Inspiring others through business

A trendsetting business woman shares some of the secrets of her success.

09 June 2019 | People

Irene Simeon-Kurtz; Business woman; . . . keep going, growing and most importantly, pray and have faith.

Usakos • Adolf Kaure

Telecom Namibia board of directors acting chairperson and Engen 1 Stop Usakos owner Irene Simeon-Kurtz is a source of inspiration for many.

Creating job opportunities in Usakos, being nominated for the 2017 Economist Business Woman of the Year, being inducted in the Namibia Business Hall of Fame as a laureate, as well as partnering with Orano Namibia since 2015 to host an entertainment and sport festival, are a few of the many achievements of this successful business woman.

“Being able to pay salaries and impacting the lives and livelihoods of my employees and their dependents positively, has been and still is my greatest achievement,” she says.

Commenting on the current economic situation impacting businesses all over the globe, Simeon-Kurtz says that being a mother, she knows that taking drastic measures like closing shop or retrenching people would mean that she has directly and indirectly contributed to fuelling social ills and challenges. “I don’t know how I would be able to live and sleep at night, knowing that I contributed to the high levels of substance abuse, school dropouts, increased HIV prevalence rates, new infections and prostitution.”

She listed being nominated as a finalist for the Business Woman of the Year in 2017 as a personal highlight. She won the Business Owner of the Year category and dedicated the award to her staff and loyal clients.

Motivation

Simeon-Kurtz, who describes herself as noble, ethical, hardworking and God-fearing, explained what motivates her to keep doing what she does. “A happy client brings me satisfaction and motivates me to keep going. I know that not only my employees but also their dependents, are relying on my business for survival. I believe that a happy employee is a blessing to any business and therefore I develop relationships that are based on trust, openness, respect and transparency with my workers. Most of my employees have been with me for a while. We bonded and are a family. They motivate me when the going gets tough via calls, face-to-face talks and SMSs.”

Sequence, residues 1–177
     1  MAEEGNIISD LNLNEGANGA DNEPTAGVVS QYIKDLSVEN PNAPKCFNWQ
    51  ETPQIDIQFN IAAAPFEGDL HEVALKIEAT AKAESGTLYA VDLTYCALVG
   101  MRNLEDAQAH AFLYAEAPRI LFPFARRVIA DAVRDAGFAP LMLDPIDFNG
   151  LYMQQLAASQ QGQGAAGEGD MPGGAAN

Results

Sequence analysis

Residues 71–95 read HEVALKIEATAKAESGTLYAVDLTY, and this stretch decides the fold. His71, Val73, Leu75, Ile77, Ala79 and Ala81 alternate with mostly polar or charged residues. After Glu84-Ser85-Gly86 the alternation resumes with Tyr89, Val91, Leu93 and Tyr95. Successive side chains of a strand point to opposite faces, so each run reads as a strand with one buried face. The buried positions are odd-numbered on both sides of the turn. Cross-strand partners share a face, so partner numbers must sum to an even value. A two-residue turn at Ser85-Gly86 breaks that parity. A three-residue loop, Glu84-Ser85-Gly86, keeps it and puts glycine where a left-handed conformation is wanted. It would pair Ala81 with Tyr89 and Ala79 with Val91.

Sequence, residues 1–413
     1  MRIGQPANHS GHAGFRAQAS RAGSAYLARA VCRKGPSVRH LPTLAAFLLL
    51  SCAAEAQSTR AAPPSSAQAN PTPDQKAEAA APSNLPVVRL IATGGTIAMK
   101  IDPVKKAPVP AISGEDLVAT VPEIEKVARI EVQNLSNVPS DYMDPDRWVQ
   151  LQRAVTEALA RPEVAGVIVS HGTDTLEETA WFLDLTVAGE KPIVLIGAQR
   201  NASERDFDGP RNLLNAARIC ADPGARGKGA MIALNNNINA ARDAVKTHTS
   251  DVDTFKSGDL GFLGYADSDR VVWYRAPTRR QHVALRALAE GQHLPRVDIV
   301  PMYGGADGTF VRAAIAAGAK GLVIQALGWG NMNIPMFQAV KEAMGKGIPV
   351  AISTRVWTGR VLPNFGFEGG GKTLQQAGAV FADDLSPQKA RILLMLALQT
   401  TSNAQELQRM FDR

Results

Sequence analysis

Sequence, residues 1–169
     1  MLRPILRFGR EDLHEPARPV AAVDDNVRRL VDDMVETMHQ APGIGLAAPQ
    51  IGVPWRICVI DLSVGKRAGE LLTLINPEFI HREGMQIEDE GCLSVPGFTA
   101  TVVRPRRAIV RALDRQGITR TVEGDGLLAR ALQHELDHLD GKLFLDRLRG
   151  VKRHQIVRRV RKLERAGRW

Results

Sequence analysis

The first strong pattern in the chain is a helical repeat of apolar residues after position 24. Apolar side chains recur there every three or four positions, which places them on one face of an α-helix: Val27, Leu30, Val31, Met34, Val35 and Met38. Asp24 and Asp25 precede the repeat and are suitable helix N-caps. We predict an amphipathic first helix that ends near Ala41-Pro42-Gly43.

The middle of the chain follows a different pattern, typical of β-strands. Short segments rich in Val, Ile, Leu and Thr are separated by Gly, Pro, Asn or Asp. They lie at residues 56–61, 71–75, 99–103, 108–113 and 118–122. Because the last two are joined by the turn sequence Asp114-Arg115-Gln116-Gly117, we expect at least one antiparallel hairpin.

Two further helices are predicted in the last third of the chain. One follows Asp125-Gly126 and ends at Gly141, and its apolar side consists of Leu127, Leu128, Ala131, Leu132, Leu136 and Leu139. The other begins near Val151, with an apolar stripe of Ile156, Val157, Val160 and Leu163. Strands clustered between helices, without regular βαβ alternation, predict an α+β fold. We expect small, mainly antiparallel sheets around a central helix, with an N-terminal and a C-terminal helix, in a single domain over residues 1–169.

Simeon-Kurtz was born in Usakos, where she also attended school. She completed her schooling at Kuisebmond Secondary School in Walvis Bay.

What inspired her to become a business woman?

“I am driven by the desire to make a meaningful contribution towards society through excellent service delivery. Women in business such as the women selling sweets, fat cakes and other items along the roads, parking lots and from their homes inspire me. I admire their drive, courage and determination.”

Back in the day, her parents owned a small general dealership in Hakhaseb, Usakos. “My older brothers and sisters would always help at the business after school and over weekends. I had the responsibility of selling ice blocks and fat cakes from home. This provided a lot of lessons about business at a very young age and helped me to develop networking skills. It also taught me to work with different clients and customers.”

Work ethic

Growing up in Usakos Simeon-Kurtz says the work ethics and humility of donkeys fascinated her.

“These animals are a real asset and a reliable tool that can weather storms and seasons. I’ve come to regard them as a genuine utility. It is an amazing creature, highly respectful and a principled hard worker.”

Having faced many challenges in her life as a business woman, Simeon-Kurtz says a good support system and prayer enable her to deal with challenges she comes across.

“God surrounded me with people that had my best interests at heart and people of strong character. I don’t fight my battles alone. Prayers and faith carry me through. I've faced many tough times but here I am, still going strong.”

She adds that many people seem to be ignorant of the fact that race and gender do not determine and define how successful one will be in business. “There are those who want to see me fail because I am black and a woman. Business is about taking calculated risks in order to achieve a positive outcome.”

She encouraged young people looking to become entrepreneurs to respect themselves, others and their ambitions, to take their reputation seriously, be resilient and never give up, no matter the odds.

“To succeed in business, you must make a start with the resources and tools that you have at your disposal. There will be obstacles, but keep going, growing and most importantly, pray and have faith.”

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